"Youíve got to get your mind right, Luke."
The first thing weíre going
to work on is your attitude toward this station because lots of shooters
head to Station 2 more worried about avoiding a miss than about hitting
the target. You will always miss birds at high 2, but hereís a news
flash for you Ė sooner or later, youíre going to miss them at every
other station, too.
In spite of what you think,
this station is no harder than any other; you just think it is, and
you think itís harder because you havenít got the right combination
of stance, hold point, eye position, break point, and focus. This bird
goes racing past. You toss your gun barrel out there into the unknown
somewhere ahead of the bird, and the referee calls "lost."
Well, weíre about to fix
CHAPTER 2: "Make a new plan,
Letís first go back to a
basic that all great shooters seem to have Ė they have a "shot plan."
Donít know what weíre talking about? Okay, go watch Tiger Woods, Phil
Mickelson, Davis Love, or any other professional golfer make a shot.
They do the same thing every single time; they never vary Ė same set-up,
same number of practice swings Ė and if anything interrupts them and
their routine, they start over again from scratch.
You need to have the same
approach to shoot skeet, especially Station 2. A shot plan doesnít have
to be fancy. Look at this example:
Step 1 Ė Be confident;
Step 2 Ė Establish break
Step 3 Ė Take a good stance;
And you donít have to recite
these steps each time you shoot, but you do have to follow them until
they become ingrained Ė until theyíre automatic, silent, quick, and
This is your first step
in successfully shooting Station 2.
CHAPTER 3: "So Bob short
strokes in skeet, too?"
The second step in conquering
Station 2 is nailing the low house (not a major problem for most shooters)
so that your confidence is already on the upswing because you already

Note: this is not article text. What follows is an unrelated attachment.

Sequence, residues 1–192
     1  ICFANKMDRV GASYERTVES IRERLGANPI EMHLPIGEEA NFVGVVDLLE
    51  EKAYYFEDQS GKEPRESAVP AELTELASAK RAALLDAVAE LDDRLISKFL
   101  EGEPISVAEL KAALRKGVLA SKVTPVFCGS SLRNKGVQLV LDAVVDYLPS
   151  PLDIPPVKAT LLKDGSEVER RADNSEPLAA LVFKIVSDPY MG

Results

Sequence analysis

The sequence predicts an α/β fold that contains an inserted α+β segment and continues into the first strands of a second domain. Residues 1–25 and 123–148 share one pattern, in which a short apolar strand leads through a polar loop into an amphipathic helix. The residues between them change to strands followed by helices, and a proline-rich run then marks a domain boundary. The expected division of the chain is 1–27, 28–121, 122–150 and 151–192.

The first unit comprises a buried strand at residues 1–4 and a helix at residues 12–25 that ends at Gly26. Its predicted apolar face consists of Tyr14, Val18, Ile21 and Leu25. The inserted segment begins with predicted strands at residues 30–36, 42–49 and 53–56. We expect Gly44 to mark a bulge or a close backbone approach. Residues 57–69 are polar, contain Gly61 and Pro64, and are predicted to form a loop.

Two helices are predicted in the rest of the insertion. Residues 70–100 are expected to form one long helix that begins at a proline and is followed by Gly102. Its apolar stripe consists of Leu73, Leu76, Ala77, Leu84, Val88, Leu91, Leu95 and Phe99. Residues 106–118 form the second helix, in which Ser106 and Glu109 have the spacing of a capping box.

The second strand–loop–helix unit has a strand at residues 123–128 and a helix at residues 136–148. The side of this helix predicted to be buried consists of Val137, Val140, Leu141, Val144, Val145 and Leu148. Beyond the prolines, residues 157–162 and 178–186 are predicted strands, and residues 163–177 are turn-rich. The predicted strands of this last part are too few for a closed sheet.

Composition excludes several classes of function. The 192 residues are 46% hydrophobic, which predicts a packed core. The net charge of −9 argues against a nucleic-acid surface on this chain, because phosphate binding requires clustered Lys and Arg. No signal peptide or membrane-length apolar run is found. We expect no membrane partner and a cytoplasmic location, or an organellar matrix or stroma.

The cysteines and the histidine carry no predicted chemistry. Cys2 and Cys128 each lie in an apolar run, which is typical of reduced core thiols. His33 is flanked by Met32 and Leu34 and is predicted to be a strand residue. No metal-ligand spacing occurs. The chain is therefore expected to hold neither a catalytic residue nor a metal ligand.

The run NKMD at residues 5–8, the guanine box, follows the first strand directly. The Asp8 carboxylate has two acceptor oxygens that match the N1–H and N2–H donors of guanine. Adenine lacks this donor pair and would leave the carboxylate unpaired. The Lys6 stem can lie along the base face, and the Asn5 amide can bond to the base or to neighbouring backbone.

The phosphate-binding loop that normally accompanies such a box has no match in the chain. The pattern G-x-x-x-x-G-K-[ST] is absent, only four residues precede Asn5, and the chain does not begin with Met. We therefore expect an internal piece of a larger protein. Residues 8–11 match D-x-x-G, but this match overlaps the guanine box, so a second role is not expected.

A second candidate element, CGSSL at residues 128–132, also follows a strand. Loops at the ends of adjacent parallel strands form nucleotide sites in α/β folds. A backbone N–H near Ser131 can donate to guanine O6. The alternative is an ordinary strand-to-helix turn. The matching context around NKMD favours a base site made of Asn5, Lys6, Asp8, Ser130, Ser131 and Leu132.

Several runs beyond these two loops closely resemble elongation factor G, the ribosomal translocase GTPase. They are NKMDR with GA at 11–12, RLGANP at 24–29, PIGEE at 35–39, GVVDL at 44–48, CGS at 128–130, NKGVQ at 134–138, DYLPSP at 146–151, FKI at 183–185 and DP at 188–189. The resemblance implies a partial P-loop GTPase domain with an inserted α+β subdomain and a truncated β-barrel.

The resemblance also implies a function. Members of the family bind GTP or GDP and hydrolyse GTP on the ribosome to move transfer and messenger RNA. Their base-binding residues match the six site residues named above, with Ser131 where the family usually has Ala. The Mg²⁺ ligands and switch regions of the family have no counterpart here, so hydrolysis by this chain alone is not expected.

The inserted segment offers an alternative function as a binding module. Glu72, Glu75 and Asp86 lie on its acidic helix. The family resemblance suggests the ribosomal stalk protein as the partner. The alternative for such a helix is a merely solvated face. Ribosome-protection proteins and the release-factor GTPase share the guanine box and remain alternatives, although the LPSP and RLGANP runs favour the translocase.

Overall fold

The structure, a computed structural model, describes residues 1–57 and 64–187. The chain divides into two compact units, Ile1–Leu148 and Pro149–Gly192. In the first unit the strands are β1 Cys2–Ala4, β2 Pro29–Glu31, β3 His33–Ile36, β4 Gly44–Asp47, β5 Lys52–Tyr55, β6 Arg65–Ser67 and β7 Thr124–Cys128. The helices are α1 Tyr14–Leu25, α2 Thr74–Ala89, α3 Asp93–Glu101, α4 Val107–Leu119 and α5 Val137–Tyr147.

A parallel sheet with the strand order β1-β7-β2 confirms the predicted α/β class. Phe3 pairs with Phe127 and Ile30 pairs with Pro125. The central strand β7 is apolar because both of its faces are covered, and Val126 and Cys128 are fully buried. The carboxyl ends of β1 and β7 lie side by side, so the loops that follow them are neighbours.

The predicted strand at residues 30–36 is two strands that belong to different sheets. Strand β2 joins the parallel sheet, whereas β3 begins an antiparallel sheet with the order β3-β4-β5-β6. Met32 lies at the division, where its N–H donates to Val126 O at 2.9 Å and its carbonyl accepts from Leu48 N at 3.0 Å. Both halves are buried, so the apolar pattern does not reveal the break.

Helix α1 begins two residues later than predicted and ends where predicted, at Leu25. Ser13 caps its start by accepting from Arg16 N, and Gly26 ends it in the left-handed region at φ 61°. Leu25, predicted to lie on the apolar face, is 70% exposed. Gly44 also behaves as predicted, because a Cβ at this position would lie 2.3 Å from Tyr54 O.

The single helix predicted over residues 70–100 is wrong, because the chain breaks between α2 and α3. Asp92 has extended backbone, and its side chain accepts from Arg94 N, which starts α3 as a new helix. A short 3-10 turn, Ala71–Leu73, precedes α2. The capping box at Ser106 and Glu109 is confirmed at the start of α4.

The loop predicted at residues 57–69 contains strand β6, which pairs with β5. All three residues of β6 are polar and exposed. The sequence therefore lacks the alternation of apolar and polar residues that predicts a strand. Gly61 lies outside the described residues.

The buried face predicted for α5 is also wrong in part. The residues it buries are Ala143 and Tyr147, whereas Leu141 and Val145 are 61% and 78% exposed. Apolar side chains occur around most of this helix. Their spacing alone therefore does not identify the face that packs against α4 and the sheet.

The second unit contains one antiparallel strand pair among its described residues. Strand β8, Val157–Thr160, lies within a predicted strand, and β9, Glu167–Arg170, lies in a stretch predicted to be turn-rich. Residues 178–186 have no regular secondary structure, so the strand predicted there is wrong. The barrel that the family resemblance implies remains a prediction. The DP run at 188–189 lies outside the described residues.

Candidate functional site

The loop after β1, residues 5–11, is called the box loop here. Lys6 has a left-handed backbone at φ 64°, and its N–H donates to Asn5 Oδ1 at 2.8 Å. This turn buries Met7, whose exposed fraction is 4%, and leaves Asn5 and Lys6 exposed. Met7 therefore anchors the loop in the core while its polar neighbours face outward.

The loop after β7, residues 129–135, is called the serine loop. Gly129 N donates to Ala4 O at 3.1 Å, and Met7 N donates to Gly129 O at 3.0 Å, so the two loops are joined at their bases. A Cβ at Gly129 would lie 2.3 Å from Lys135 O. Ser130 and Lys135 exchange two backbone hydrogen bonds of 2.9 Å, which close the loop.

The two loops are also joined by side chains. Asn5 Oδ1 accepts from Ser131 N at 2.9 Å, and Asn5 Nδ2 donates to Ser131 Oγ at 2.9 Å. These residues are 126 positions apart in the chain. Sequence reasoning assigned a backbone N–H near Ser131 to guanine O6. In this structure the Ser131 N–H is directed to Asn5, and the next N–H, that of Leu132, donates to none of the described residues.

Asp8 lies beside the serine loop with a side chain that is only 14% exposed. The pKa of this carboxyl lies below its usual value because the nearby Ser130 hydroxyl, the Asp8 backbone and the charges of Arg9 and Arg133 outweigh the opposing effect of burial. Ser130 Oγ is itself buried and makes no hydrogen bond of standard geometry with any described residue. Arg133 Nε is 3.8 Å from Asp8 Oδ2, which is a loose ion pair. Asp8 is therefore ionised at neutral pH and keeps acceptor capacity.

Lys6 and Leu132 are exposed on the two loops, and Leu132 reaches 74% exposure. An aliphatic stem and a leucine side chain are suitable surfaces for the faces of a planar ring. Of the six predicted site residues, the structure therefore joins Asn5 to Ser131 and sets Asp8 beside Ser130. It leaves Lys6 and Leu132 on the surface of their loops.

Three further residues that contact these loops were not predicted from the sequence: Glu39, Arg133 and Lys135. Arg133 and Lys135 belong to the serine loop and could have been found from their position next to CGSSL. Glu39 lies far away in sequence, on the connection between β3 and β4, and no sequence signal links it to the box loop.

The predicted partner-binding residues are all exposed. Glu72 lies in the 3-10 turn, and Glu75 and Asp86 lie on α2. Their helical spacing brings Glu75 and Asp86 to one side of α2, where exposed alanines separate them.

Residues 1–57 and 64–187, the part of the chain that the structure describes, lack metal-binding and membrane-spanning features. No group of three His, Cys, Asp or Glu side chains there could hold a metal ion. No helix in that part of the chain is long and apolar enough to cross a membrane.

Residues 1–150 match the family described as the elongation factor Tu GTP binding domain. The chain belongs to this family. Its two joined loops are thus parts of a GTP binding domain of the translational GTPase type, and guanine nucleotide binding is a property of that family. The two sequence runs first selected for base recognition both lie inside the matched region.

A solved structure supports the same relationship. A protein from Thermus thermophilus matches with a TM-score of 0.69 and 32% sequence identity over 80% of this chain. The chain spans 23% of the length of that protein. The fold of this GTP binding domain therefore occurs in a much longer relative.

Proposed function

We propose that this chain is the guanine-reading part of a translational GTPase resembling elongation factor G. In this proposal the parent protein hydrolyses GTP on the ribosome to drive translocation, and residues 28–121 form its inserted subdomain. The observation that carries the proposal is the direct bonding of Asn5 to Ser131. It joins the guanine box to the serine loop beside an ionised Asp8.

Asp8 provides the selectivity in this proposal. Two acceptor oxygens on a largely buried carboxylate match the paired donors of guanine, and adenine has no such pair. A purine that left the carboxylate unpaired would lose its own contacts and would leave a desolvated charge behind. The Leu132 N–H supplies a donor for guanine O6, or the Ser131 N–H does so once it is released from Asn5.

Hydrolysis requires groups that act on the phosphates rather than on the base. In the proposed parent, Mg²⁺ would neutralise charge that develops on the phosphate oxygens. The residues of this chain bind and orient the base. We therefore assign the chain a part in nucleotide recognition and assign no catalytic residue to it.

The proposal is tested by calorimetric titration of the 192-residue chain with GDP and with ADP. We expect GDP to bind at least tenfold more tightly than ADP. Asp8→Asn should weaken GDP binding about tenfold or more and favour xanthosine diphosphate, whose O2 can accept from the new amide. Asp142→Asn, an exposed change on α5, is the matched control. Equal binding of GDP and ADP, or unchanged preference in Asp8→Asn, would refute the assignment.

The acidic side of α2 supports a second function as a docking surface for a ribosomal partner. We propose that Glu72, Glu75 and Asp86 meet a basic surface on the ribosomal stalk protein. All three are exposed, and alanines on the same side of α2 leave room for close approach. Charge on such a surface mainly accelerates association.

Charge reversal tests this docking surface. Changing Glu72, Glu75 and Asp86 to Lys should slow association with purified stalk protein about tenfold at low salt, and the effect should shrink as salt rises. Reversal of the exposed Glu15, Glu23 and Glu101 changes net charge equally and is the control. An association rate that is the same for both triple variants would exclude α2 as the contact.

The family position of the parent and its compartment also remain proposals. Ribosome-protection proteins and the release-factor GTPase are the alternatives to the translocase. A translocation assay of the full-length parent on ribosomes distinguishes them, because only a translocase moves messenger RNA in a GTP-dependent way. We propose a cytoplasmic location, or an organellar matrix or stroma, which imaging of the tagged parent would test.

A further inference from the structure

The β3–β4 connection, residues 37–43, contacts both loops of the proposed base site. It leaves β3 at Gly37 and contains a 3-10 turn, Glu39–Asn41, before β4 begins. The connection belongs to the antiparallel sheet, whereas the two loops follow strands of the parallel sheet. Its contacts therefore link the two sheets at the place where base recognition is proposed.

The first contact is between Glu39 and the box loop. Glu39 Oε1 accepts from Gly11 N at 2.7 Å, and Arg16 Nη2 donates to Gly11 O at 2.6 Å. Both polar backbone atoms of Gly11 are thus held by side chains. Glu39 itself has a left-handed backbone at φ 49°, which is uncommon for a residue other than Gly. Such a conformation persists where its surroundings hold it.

KNOW youíre going to slaughter this bird.
The general consensus seems
to be to shoot the single low bird exactly where you shoot the double,
which is about one-third of the way from the center stake towards the
high house. If it works for you, donít change. If itís not working,
then shoot it at or slightly before the center stake.
Think about it. At or before
the center stake gives you a wider shot pattern because itís a little
further away and also gives you slightly less angle on the shot, so
lead becomes less critical. Also, the bird has not yet started to change
its trajectory as it does after the center stake when it starts to slow
down and drop.
You could also consider
the Bob Myers "short-stroke" system. Watch Bob sometime; he holds closer
to the center than you do on the incomers like low 2, and, although
he watches the bird as it emerges from the house, he doesnít move the
gun as quickly as you do because the bird takes longer to get to his
gun. When the bird gets to his gun Ė and as soon as he gets the first
instant of the proper sight picture Ė he fires. The gun doesnít move
far, which decreases his margin of error.
Lastly as to the low house,
if youíre still missing it, then you may want to want to patch your
off eye or adjust your patch if you already use one. Sometimes that
miss is caused by your eyes switching off, that is, by an erratic eye
dominance. Your dominant eye isnít necessarily dominant all the time,
depending on how tired you are or the sun or lots of other factors.
If that happens, you may see the same lead but itís from your other
eye, and it wonít be the lead you need to break the bird.
Even people with patches
sometimes donít have them in the right place, either. Remember, all
youíre trying to do is cloud the vision of your off eye from the mid-bead
to the front sight. You really want the off eye to see Ė just not help
sight the gun, so blocking it off completely with too big or too solid
a patch takes away that eye entirely, and you may as well be shooting
with one eye shut.
CHAPTER 4: "Sure, you can
read the directions, but thatís not very manly."
Ready to kick butt on the
high house? Iíve got the answer Ė guaranteed! Sharpen those No.2 pencils
and get out that legal pad, Ďcause here it comes. Ready? GO READ TODD
BENDERíS ARTICLE IN THE OCTOBER 2000 SKEET SHOOTING REVIEW. This kid
Bender probably wonít amount to much in the skeet world, but he sure
has written a nice article on high 2. In fact, in two pages, he has
written the DEFINITIVE article on high 2.
In summary, hereís what
he says: Foot position Ė right-hand shooter, face the low house; left-